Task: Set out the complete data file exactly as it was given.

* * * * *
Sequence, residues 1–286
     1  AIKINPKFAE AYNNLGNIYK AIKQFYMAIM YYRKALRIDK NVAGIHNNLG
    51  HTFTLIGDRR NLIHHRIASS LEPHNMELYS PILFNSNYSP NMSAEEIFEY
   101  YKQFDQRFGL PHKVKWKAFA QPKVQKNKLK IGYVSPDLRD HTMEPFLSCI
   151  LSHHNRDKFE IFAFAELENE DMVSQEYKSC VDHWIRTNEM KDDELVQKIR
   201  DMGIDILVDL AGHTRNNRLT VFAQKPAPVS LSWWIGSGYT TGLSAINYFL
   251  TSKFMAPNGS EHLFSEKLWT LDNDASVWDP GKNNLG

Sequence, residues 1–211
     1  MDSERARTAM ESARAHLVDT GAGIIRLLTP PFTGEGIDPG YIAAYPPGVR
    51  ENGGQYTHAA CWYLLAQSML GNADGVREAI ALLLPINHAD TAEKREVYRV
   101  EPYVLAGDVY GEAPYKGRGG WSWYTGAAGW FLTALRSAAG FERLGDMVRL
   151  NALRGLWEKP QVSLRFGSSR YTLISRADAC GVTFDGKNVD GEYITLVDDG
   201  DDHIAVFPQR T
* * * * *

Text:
Sequence, residues 1–286
     1  AIKINPKFAE AYNNLGNIYK AIKQFYMAIM YYRKALRIDK NVAGIHNNLG
    51  HTFTLIGDRR NLIHHRIASS LEPHNMELYS PILFNSNYSP NMSAEEIFEY
   101  YKQFDQRFGL PHKVKWKAFA QPKVQKNKLK IGYVSPDLRD HTMEPFLSCI
   151  LSHHNRDKFE IFAFAELENE DMVSQEYKSC VDHWIRTNEM KDDELVQKIR
   201  DMGIDILVDL AGHTRNNRLT VFAQKPAPVS LSWWIGSGYT TGLSAINYFL
   251  TSKFMAPNGS EHLFSEKLWT LDNDASVWDP GKNNLG

Sequence, residues 1–211
     1  MDSERARTAM ESARAHLVDT GAGIIRLLTP PFTGEGIDPG YIAAYPPGVR
    51  ENGGQYTHAA CWYLLAQSML GNADGVREAI ALLLPINHAD TAEKREVYRV
   101  EPYVLAGDVY GEAPYKGRGG WSWYTGAAGW FLTALRSAAG FERLGDMVRL
   151  NALRGLWEKP QVSLRFGSSR YTLISRADAC GVTFDGKNVD GEYITLVDDG
   201  DDHIAVFPQR T